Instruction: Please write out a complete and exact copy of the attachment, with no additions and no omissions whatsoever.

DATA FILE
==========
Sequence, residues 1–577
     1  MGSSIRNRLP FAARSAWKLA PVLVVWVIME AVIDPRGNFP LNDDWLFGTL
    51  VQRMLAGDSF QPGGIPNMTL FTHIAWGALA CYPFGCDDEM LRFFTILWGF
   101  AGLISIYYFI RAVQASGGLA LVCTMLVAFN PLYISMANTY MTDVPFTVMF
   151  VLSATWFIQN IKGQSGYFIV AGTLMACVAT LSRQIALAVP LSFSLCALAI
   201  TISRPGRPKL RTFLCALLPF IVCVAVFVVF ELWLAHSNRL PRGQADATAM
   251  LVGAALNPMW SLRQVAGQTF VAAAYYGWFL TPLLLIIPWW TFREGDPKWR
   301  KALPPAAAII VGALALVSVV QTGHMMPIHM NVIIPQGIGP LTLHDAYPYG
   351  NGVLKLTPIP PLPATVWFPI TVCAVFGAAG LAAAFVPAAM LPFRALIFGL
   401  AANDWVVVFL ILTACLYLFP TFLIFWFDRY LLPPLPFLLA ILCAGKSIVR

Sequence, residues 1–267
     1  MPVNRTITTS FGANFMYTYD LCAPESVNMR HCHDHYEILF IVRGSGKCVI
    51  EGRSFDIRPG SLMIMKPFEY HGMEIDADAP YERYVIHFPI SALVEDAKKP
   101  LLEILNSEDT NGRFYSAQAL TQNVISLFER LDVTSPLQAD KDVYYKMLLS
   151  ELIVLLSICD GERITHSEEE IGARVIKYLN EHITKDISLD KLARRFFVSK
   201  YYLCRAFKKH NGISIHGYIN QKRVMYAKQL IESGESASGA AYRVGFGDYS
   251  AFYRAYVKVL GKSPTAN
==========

Sequence, residues 1–577
     1  MGSSIRNRLP FAARSAWKLA PVLVVWVIME AVIDPRGNFP LNDDWLFGTL
    51  VQRMLAGDSF QPGGIPNMTL FTHIAWGALA CYPFGCDDEM LRFFTILWGF
   101  AGLISIYYFI RAVQASGGLA LVCTMLVAFN PLYISMANTY MTDVPFTVMF
   151  VLSATWFIQN IKGQSGYFIV AGTLMACVAT LSRQIALAVP LSFSLCALAI
   201  TISRPGRPKL RTFLCALLPF IVCVAVFVVF ELWLAHSNRL PRGQADATAM
   251  LVGAALNPMW SLRQVAGQTF VAAAYYGWFL TPLLLIIPWW TFREGDPKWR
   301  KALPPAAAII VGALALVSVV QTGHMMPIHM NVIIPQGIGP LTLHDAYPYG
   351  NGVLKLTPIP PLPATVWFPI TVCAVFGAAG LAAAFVPAAM LPFRALIFGL
   401  AANDWVVVFL ILTACLYLFP TFLIFWFDRY LLPPLPFLLA ILCAGKSIVR

Sequence, residues 1–267
     1  MPVNRTITTS FGANFMYTYD LCAPESVNMR HCHDHYEILF IVRGSGKCVI
    51  EGRSFDIRPG SLMIMKPFEY HGMEIDADAP YERYVIHFPI SALVEDAKKP
   101  LLEILNSEDT NGRFYSAQAL TQNVISLFER LDVTSPLQAD KDVYYKMLLS
   151  ELIVLLSICD GERITHSEEE IGARVIKYLN EHITKDISLD KLARRFFVSK
   201  YYLCRAFKKH NGISIHGYIN QKRVMYAKQL IESGESASGA AYRVGFGDYS
   251  AFYRAYVKVL GKSPTAN